There has long been a stigma associated to video-gaming, it is perceived to be something that you grow out of with age and is exclusively for young boys.

Recent figures have shown that not to be the case with female gamers in the UK not far behind male gamers, with all age rangers represented. One of the most surprising demographics represented is the group being called ‘The Silver Gamers’.

These are gamers stretching from middle-age all the way up to post-retirement. Hilda Knott was the talk of the UK in 2013 when she was interviewed by the BBC about her fondness for video games. Then 86, Knott was a regular player of Grand Theft Auto and said that the game was not only enjoyable, but beneficial to her mental sharpness as well.

Some readers might find this surprising, but it must be remembered that video games first reared their heads over 40 years ago, meaning that an older generation will already be well-versed in video games. In this article we take a look at what Xbox can do to cater for the silver gamers.

Follow the Facebook lead

In a recent study 40% of over 55 women in the UK said that they regularly played video games or puzzle games. The largest provider used by this demographic for online puzzle games is Facebook, who offer a plethora of free puzzle games for the over 55’s.

Consoles such as the Nintendo DS have branched out into this market with their game Brain Training and Xbox could look to follow that example and improve upon it to attract older gamers.

Develop stories

FIFA and Call Of Duty are two of the biggest video games, not just in the UK but across the globe. However, players of these titles have to rely heavily on reflexes and eyesight, something which could hamper the involvement of elderly gamers.

Instead Xbox could develop more games similar to the PlayStation series Unchartered, which features action elements but also an acclaimed story. Unchartered also encompasses elements of puzzle solving and prompts players to outcome influencing decisions.

Steve Ince is an older games developer who is doing his bit to appeal to the older generation of video gamers;

“I’m developing a game in which a man in his mid-50s comes to terms with the loss of his wife and the secret she leaves behind.

“While it won’t be aimed specifically at over-50s, I suspect people in that age group will find things with which they identify.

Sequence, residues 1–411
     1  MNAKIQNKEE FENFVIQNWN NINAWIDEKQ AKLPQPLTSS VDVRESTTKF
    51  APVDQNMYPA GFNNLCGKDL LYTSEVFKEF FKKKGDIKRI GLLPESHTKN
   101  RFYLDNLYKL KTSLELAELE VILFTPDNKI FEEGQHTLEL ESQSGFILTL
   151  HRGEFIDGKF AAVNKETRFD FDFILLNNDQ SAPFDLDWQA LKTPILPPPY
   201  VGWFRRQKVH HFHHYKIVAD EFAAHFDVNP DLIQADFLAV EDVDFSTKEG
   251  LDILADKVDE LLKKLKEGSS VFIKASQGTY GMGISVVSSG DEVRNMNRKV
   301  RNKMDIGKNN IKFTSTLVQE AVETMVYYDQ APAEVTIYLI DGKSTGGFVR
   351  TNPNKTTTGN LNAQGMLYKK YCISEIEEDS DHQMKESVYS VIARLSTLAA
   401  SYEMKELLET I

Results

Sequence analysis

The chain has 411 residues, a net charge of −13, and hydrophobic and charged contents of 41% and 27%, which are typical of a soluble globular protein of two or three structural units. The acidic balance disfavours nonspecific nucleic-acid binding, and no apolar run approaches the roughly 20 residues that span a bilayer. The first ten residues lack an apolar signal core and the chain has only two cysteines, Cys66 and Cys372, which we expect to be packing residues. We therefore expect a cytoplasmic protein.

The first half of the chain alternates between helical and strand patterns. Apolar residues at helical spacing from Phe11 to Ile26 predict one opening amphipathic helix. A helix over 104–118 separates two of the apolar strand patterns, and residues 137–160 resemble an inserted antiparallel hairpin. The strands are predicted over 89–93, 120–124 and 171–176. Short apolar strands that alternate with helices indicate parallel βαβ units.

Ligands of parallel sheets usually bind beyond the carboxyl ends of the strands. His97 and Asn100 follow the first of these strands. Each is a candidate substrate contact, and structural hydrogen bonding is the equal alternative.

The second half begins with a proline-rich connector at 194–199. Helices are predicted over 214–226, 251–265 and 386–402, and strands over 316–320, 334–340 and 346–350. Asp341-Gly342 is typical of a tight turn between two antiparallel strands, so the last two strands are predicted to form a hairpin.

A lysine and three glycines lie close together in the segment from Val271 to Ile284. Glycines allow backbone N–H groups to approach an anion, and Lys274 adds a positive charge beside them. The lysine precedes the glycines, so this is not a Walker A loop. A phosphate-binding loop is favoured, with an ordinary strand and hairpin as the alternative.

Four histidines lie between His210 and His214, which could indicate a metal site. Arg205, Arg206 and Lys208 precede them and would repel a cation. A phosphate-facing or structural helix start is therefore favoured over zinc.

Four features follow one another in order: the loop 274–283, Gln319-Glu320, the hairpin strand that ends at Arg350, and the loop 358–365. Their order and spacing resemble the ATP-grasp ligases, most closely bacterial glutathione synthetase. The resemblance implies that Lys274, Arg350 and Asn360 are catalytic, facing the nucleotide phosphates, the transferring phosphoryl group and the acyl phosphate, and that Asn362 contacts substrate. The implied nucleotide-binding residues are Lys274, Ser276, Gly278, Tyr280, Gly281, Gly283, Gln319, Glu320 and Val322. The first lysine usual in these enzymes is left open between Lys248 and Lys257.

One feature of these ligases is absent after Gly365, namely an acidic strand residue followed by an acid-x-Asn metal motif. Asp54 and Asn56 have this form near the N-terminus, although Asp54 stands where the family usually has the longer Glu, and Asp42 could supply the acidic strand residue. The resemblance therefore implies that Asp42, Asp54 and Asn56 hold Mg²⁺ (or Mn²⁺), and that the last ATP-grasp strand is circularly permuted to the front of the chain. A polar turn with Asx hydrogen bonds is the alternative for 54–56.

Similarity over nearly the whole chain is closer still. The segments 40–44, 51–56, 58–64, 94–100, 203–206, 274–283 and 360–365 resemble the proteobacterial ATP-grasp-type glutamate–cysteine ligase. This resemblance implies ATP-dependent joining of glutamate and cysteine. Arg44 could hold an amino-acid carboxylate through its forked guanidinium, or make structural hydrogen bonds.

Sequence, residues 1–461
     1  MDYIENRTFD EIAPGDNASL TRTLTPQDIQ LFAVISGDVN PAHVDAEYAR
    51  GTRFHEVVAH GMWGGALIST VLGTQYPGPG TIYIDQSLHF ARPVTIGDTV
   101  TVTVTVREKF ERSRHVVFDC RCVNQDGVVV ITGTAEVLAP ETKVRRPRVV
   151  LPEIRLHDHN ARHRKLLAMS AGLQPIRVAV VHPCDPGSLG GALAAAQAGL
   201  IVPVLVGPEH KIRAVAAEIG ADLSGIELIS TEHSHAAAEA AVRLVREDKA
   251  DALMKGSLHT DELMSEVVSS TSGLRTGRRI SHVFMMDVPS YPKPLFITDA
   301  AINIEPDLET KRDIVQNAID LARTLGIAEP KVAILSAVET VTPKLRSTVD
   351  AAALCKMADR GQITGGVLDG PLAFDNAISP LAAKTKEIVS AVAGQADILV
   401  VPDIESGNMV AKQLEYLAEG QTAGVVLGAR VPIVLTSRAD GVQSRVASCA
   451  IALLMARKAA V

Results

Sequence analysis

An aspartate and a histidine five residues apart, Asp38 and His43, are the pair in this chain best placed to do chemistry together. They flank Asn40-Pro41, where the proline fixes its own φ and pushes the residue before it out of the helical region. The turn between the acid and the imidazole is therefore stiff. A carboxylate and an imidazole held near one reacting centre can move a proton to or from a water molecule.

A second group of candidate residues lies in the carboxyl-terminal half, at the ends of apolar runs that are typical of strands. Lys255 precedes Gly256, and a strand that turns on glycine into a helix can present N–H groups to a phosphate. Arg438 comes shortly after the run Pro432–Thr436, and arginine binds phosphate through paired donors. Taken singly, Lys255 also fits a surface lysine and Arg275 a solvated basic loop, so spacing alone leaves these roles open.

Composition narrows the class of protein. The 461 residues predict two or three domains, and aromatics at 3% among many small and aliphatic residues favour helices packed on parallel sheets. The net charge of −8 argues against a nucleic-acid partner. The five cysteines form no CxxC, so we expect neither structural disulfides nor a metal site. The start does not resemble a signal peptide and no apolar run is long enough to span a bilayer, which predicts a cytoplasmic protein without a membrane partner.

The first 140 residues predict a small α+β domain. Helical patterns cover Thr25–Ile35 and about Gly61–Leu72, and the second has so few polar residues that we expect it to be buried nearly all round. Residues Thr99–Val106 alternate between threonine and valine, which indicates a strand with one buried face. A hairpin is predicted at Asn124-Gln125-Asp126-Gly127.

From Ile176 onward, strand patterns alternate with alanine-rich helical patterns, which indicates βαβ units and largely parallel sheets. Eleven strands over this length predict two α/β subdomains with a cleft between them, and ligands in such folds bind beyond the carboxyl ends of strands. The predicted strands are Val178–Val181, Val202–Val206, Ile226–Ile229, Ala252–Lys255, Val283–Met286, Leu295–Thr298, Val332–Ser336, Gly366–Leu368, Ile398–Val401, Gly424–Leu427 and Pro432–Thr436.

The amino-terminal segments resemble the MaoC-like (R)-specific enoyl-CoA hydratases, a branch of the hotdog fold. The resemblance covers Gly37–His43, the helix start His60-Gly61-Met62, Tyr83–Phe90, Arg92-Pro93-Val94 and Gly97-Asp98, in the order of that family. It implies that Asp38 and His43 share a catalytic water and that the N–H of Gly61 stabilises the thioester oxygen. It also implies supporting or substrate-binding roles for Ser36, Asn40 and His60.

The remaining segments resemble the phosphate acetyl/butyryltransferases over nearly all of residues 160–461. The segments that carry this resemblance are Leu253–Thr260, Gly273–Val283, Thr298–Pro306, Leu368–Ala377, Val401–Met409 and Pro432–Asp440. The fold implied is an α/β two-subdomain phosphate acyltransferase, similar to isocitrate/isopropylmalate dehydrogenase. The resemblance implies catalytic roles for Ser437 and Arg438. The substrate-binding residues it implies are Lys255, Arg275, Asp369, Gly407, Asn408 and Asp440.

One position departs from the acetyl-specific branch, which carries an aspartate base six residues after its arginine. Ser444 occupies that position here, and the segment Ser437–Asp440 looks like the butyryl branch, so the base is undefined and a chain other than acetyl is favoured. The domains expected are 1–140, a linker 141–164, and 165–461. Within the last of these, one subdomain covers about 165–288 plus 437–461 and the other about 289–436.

Take inspiration from other sectors

It’s not just Facebook that is catering to the entertainment needs of the older generations, online betting companies are also leading the way. Through catering for an older audience, they are able to expand their target market and even interest them in alternative games. For example, online bingo sites are able to attract their players to their online slot games, and surprisingly enough, many of the silver gamers enjoy the change from their typical games.

The gameplay on the majority of online slots is an upgrade on the Facebook style games that have proved so popular with silver gamers. Simplistic gameplay, accessibility and appealing graphics have all combined to make online slots a hit with the older market.

Adapt marketing strategies

There’s no doubt that the majority of marketing for video games is aimed at younger male gamers. Even though female gamers represent nearly half of the players, that demographic also suffers with little marketing aimed at them. Then, when it aimed at young females it is often terribly saccharin and stereotypical.

If Xbox want to capture more of the silver gaming market then they need to address the marketing aimed at this demographic. More money needs to be spent on creating clever, well-informed advertising campaigns.

What not to do

Rush: The will may be there from Xbox to reach out and appeal to silver gamers, but one thing they can ill afford to do is rush through games, technologies and marketing. No games will be better than a plethora of badly made rushed ones.

The same goes for marketing campaigns, if rushed efforts are made to appeal to silver gamers then the risk of alienating a demographic rather than appealing to it is real.

Fall into stereotypes: Just because some older people like to watch Emmerdale or Cash In The Attic, it doesn’t mean they’ll rush out in their hordes to buy video game spin-offs. Xbox must seriously do their research and disregard any stereotypes they have before moving to cater for silver gamers.

As Hilda Knott demonstrated with her passion for Grand Theft Auto, silver gamers may not be as predictable in their likes and interests. Reaching out to this demographic and finding out their preferences will be key in appealing to them in the long-run.

Alienate other gamers: Metropolis: Lux Obscura was a puzzle-game that featured several raunchy cartoon scenes, and in order to protect players Microsoft decided to ban users that attempted to take screenshots of the not safe for work scenes.

In doing this Microsoft succeeding not in protecting an audience type, but in alienating a large number of its players and receiving widespread ridicule on social media. Yet perhaps the biggest lesson to learn from this escapade was the polarising nature of Metropolis: Lux Obscura.

It was clearly aimed at an older audience, but its content created an exclusivity that only served to alienate gamers. Attempts to make video games for the older generation must be accessible for all age groups as well.


The silver gamers represent a massive development market for Xbox. Preparing to meet their needs now could prove exceptionally wise for Xbox with the numbers of older gamers only set to rise as the population of gamer’s age.

Inspiration can be drawn from the success of Facebook and online betting companies. But lessons can be drawn from numerous poorly executed past attempts to reach out to the silver gamers.